Home / News / Software News / Is Dell Giving Up on Linux?

Is Dell Giving Up on Linux?

by

Is Dell Giving Up on Linux?

Dell is no longer offering consumer PCs pre-installed with Ubuntu Linux on its web store, according to reports from PC Pro.

Just a couple of years ago Dell garnered praise for being one of the only mainstream PC resellers to offer Ubuntu Linux as a pre-install option on consumer laptops, but this appears to be no longer the case.

A search for Linux on the Dell web site brings up only a small handful of machines, such as the Latitude 2100, Latitude 13 and Dell Vostro 1220, all of which are aimed firmly at the business market.

Dell said that Ubuntu is still available on consumer machines such as its Inspiron Mini 10, but only for phone orders.

The company admitted that the move was down to the lack of uptake for Ubuntu.

"The reason why they’re not on our main pages is because Ubuntu systems are primarily targeted towards advanced users and enthusiasts, and the vast majority of consumers purchase PCs with Microsoft Windows pre-installed," a Dell spokesperson told PC Pro.

They went on to say that the absence of Ubuntu PCs would not necessarily be a permanent decision but could not give any time-frame for their return.

This is the latest blow for Linux to attract any kind of mainstream presence in computing, though this could potentially change if and when Chrome OS based netbooks appear.

Via: PC Pro

MSIC

July 26, 2010, 3:58 pm

As an Ubuntu user I think this is a real shame, however when I looked at what was on offer there was never any real 'must buy' PCs that were visibly cheaper than the Windows equivalents. I wonder if this was due to serious discounts that Microsoft gives to big manufacturers like Dell to install Windows at point of sale?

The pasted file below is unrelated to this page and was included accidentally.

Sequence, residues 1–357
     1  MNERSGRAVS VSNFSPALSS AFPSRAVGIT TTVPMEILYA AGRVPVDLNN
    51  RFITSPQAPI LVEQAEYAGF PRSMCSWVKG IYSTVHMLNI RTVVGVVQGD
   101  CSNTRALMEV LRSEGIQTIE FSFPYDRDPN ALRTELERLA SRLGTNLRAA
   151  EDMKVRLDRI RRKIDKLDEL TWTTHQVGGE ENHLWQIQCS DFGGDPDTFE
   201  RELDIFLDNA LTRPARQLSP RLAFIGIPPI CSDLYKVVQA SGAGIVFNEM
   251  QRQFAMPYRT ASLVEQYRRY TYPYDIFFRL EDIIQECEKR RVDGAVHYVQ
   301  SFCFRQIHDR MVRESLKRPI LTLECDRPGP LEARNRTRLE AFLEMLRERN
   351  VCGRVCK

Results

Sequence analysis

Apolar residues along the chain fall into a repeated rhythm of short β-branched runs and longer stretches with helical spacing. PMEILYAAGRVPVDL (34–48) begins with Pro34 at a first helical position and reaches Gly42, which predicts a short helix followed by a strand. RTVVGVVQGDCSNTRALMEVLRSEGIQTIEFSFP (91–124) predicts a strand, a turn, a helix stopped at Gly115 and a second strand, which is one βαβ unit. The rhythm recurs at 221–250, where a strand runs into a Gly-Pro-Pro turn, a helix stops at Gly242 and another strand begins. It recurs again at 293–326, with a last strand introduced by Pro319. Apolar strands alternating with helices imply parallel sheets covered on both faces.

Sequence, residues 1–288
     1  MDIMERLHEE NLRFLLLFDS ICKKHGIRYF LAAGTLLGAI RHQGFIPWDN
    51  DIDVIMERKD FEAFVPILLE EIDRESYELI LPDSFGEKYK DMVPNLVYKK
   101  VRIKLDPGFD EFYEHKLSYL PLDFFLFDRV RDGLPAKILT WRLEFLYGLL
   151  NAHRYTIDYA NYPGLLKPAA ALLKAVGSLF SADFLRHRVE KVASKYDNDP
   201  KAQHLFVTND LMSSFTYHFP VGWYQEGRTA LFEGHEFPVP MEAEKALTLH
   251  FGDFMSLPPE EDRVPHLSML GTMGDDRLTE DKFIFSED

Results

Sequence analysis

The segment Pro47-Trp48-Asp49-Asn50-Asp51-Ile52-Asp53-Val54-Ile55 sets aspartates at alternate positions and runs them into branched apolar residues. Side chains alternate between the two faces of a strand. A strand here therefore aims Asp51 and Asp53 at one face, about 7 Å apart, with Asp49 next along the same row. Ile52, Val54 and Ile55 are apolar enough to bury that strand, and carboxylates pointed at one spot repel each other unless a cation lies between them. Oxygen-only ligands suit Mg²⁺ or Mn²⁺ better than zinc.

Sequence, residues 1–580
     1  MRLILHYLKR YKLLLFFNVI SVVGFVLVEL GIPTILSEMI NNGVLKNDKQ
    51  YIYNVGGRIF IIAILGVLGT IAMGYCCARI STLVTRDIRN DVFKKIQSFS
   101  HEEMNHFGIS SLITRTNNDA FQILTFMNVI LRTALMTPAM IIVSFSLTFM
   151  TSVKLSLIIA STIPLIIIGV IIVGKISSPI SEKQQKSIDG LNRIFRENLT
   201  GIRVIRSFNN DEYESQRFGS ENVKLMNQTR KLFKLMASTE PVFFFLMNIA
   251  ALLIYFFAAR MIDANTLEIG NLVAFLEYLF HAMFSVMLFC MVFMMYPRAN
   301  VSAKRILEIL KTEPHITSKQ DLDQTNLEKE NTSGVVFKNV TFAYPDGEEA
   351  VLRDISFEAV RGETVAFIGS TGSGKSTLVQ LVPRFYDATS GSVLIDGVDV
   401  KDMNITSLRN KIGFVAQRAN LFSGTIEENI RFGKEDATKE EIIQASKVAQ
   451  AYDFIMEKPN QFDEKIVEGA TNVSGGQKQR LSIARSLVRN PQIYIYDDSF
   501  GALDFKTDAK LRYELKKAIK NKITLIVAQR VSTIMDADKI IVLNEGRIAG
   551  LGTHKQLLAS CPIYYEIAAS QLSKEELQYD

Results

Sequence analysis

Armin

July 26, 2010, 4:10 pm

Was there ever a significant price difference between the computers coming with Ubuntu and the computers coming with Windows? A friend of mine bought a netbook from Dell not too long ago and he chose Windows XP over Ubuntu simply because the two options cost about the same. He later added Ubuntu himself since it's free.

Andrew Gosling

July 26, 2010, 5:44 pm

As a Linux user who wanted to buy a linux computer through Dell, the reason there was low uptake of Ubuntu computers from Dell is because the option was hidden, offered on a limited number of their models almost always at lower spec than the Windows options, was never offered as a downgrade option when customising a system, and on a number of occasions cost more than an equivalent or better Windows system.





I even tried phone ordering and requesting a downgrade from Windows to Ubuntu on a decent system (xps m1330) that had a low-spec linux option, was prepared to still have to pay the "windows" price, and was told it wasn't possible to do so even after I'd shown the call centre worker where to find the linux options on their website.

Malderon

July 26, 2010, 6:28 pm

Bit of a shame, so many non tech people I know could get by just fine with Ubuntu. In a way it works nicely for the iPhone generation with the Ubuntu Software Centre being like the app store and the source of all your software needs. Managed to get my friends using Firefox and Openoffice on windows, the next stage is to show them that this exact same software runs on Ubuntu!

Keithe6e

July 26, 2010, 6:50 pm

@Malderon: so many non tech people I know could get by just fine with Ubuntu





You are so right!!, apart from getting sound to work 100% of the time :), even with PulseAudio things still are not that simple, and even then PulseAudio is a right resource hog, especially on Atom based machines.

swift11

July 26, 2010, 7:35 pm

@Benny: Chrome OS will be eaten alive by MeeGo ;-)

Brian

July 26, 2010, 8:37 pm

To be honest until programmers start developing Full games for linux there is never going to be widespread take up. Alot of computer marketing and purchasing is driven by gaming and Since making most games run under Linus is a pain most people wont bother.





But on the above situation Dell never advertised it well, and simple since ubuntu is free, why not get a free copies of windows and reinstall later? paying the same for a ubuntu machine/windows machine when linux is free jsut maeks no financial sence.

Sapporodan

July 27, 2010, 1:23 pm

I always got the feeling Dell wanted to tell people they sold Ubuntu, but never actually wanted to sell any! (Think of how upset their bum chums at Microsoft would be!).

Armin

July 27, 2010, 2:25 pm

Doesn't Dell have to pay Microsoft to sell their computers with Windows? They could have saved some money if they had pushed out computers using Ubuntu, right? With the software being free, the product could have been sold for less or better hardware could have been used instead to raise the price again. Sounds like an attractive model for customers.

comments powered by Disqus